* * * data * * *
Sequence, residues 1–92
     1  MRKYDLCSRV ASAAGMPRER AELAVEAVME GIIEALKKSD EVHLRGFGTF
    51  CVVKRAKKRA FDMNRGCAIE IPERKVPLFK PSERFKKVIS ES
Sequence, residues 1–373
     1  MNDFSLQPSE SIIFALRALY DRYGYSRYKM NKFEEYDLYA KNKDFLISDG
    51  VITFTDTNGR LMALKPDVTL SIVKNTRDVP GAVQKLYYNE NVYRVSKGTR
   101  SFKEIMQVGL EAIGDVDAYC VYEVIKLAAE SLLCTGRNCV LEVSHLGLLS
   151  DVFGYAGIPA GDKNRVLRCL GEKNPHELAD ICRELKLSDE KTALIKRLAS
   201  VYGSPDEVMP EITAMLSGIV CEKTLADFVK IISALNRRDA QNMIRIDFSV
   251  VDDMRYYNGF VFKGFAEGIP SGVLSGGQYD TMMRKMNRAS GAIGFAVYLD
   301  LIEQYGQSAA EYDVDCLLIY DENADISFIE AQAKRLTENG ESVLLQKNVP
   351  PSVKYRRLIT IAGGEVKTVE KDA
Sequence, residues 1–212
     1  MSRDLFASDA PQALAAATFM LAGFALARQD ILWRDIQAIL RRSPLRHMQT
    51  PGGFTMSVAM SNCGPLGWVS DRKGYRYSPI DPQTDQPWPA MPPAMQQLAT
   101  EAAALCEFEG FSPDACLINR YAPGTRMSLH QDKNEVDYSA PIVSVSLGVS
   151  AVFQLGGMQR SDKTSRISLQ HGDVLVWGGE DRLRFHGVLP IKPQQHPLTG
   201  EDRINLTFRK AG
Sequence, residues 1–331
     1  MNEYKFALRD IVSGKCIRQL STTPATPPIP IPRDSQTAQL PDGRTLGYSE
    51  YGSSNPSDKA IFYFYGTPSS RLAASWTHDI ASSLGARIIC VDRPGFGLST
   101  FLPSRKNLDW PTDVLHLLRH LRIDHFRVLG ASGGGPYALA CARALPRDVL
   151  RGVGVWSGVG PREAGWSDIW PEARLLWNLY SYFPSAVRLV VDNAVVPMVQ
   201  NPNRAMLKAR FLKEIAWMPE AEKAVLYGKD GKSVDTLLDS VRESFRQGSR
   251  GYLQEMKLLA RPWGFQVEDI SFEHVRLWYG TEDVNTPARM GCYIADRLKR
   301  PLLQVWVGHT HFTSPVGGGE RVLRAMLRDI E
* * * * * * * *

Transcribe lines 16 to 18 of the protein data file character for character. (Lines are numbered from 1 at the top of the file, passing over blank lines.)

   101  EAAALCEFEG FSPDACLINR YAPGTRMSLH QDKNEVDYSA PIVSVSLGVS
   151  AVFQLGGMQR SDKTSRISLQ HGDVLVWGGE DRLRFHGVLP IKPQQHPLTG
   201  EDRINLTFRK AG